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Accepted Paper:

Reframing Wooden Houses in Vilnius  
Vaiva Aglinskas (CUNY Graduate Center. Institute of Lithuanian Literature and Folklore)

Paper short abstract:

Once perceived as anti-modern, wooden houses are now beginning to be celebrated as sustainable and future-oriented structures in Vilnius, Lithuania. How do residents navigate this shift, and how do research projects and urban policies reframe the houses in contexts of urban and regional inequality?

Paper long abstract:

This paper traces the revaluation of wooden houses that activists, academics, and institutions like the Museum of Urban Wooden Architecture are spearheading in Vilnius, Lithuania. It analyzes the discursive shift that reframes predominantly wooden historical suburbs like the neighborhood of Snipiskes from being interpreted as anachronistic, backward, left-behind to exemplary forebearers of urban sustainability. This reframing comes at a crucial moment when such wooden houses are rapidly disappearing from the cityscape to make way for multi-story newbuild housing. How do the tactics of making-do that have long since been part of the everyday life of disadvantaged residents of wooden houses get repackaged by researchers as exemplars of a sustainable future, and what transformative effect does this have for the resident’s self-perception and subjectivity/personhood/positionality? Once feeling like they got shortchanged during processes of post-Soviet privatization when they gained ownership of housing they had been waiting to be moved out of for decades, thirty years later, residents of these houses are being targeted by municipal and Scandinavian research projects that aim to promote preservation and celebrate these structures as future-oriented sustainable heritage. However, attitudes toward wooden architecture are contextually conditioned and often clash when comparing those in Lithuania and countries like Sweden, Norway, and Finland. How are wooden houses that were once seen as the epitome of provinciality and backwardness, now acting as coordinates of europeanization and ‘nordification’ shaping Lithuania’s future?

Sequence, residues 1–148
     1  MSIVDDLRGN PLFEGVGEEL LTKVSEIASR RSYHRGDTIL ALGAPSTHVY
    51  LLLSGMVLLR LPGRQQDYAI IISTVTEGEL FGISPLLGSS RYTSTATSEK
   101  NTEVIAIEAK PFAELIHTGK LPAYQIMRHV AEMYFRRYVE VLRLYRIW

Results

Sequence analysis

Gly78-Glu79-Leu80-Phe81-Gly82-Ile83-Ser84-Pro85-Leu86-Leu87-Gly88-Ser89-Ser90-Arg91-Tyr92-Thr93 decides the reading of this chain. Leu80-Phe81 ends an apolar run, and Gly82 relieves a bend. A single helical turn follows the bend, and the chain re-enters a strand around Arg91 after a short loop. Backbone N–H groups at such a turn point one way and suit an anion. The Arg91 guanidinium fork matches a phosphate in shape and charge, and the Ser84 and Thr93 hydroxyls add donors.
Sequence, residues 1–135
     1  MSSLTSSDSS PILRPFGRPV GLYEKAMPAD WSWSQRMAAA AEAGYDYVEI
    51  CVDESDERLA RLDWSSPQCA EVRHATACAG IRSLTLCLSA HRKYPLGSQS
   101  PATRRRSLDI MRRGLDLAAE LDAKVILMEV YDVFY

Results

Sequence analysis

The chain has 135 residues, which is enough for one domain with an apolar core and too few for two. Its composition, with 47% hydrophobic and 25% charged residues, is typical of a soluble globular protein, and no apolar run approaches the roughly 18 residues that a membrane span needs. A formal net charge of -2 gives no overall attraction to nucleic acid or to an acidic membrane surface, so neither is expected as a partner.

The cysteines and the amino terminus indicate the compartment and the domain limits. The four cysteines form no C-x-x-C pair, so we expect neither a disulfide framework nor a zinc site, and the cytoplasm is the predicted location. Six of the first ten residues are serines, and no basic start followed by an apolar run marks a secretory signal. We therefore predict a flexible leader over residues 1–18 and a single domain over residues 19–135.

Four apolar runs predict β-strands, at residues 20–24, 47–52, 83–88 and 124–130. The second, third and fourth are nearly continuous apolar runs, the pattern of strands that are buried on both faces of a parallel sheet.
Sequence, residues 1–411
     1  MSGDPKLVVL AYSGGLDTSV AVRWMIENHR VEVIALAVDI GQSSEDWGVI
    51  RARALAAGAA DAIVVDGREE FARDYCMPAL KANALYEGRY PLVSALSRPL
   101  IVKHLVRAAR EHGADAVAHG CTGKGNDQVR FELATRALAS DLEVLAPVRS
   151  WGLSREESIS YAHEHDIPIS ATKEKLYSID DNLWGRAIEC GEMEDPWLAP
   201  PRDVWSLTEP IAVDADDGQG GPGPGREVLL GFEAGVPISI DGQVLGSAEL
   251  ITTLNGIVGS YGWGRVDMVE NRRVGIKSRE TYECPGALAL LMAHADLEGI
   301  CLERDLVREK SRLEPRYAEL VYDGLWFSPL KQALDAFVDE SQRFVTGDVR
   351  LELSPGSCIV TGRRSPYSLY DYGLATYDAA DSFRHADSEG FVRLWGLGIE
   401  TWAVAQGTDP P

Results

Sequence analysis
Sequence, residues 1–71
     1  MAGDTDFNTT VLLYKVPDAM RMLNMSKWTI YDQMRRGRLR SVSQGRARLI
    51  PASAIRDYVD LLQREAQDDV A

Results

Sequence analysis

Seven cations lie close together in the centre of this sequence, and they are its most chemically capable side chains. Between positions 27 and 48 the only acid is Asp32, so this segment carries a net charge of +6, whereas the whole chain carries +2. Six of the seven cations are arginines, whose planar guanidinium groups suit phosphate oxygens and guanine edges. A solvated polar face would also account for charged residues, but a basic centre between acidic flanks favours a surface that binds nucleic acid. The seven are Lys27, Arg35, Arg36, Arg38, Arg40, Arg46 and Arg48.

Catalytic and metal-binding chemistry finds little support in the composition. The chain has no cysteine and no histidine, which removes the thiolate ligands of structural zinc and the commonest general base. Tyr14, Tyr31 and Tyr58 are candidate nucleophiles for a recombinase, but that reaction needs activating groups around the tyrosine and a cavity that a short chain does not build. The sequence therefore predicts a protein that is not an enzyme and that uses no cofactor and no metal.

Panel P047
Living, leaving and undoing ‘left behindness’
  Session 2